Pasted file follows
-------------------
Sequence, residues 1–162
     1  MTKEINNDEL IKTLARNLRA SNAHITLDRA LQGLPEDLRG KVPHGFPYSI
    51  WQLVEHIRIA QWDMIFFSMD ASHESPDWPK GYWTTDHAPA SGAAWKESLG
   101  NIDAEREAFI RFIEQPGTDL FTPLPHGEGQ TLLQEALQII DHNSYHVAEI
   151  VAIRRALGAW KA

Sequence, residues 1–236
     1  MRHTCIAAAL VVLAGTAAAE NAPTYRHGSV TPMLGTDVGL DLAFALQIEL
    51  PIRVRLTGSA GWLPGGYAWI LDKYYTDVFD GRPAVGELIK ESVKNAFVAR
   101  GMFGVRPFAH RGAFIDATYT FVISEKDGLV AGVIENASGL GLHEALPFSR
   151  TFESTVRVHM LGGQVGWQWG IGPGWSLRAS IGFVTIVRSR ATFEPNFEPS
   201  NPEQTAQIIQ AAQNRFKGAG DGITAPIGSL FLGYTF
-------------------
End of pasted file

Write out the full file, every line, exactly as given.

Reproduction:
Sequence, residues 1–162
     1  MTKEINNDEL IKTLARNLRA SNAHITLDRA LQGLPEDLRG KVPHGFPYSI
    51  WQLVEHIRIA QWDMIFFSMD ASHESPDWPK GYWTTDHAPA SGAAWKESLG
   101  NIDAEREAFI RFIEQPGTDL FTPLPHGEGQ TLLQEALQII DHNSYHVAEI
   151  VAIRRALGAW KA

Sequence, residues 1–236
     1  MRHTCIAAAL VVLAGTAAAE NAPTYRHGSV TPMLGTDVGL DLAFALQIEL
    51  PIRVRLTGSA GWLPGGYAWI LDKYYTDVFD GRPAVGELIK ESVKNAFVAR
   101  GMFGVRPFAH RGAFIDATYT FVISEKDGLV AGVIENASGL GLHEALPFSR
   151  TFESTVRVHM LGGQVGWQWG IGPGWSLRAS IGFVTIVRSR ATFEPNFEPS
   201  NPEQTAQIIQ AAQNRFKGAG DGITAPIGSL FLGYTF